Learn idioms with comprehensive meaning, examples and origin details.


to a T

to a T , down to a T, to a tee


  • done precisely
  • in an exact manner
  • to a limit of perfection
  • with great heed on details
  • to be very appropriate for someone


  1. The announcement of chief guest’s arrival at the school annual function was timed to a T.
  2. The choreographer placed the supporting dancers to a T.
  3. I love writing poetry & blogs about emotions. It fits me to a T.
  4. At first I was uncomfortable living in my new house but after few months it fits me to a T.
  5. The couch I bought years ago fits me to a T so I am not selling it to my friend.
  6. His plans to add two more singers to the choir was down to a T. The choir won the competition.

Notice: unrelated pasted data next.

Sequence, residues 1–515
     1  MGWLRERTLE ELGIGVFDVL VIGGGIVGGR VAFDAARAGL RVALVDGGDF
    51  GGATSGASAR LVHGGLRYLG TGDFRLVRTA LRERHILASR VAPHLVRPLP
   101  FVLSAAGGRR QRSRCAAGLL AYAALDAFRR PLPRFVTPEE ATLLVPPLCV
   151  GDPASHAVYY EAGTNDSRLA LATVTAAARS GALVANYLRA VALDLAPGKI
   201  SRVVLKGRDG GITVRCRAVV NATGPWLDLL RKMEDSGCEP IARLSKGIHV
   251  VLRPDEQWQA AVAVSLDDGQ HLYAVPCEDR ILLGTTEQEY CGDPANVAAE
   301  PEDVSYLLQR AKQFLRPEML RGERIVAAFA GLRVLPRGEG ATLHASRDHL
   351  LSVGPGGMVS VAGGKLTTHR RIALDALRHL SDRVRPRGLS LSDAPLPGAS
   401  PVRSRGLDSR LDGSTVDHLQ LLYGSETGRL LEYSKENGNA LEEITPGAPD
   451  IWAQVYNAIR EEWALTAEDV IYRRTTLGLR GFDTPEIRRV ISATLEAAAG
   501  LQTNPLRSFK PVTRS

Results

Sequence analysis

7. It his likely of him to be selected for the final round of interview. His answers are always timed to a tee.

The origin of this idiom, first observed in 17th century, is unsure, & its connection with either a golfer’s tee or a T-square of a builder are not impressive. It might be that the basic idea is that of completing the letter T by putting in the cross stroke, but the early 17th-century to a tittle was similar in meaning, and T might have been used as an abbreviation of tittle. The related phrase “to a tittle” is found in a play, The Woman Hater by Francis Beaumont and John Fletcher (“I’ll quote him to a tittle”) acted in the year 1607.

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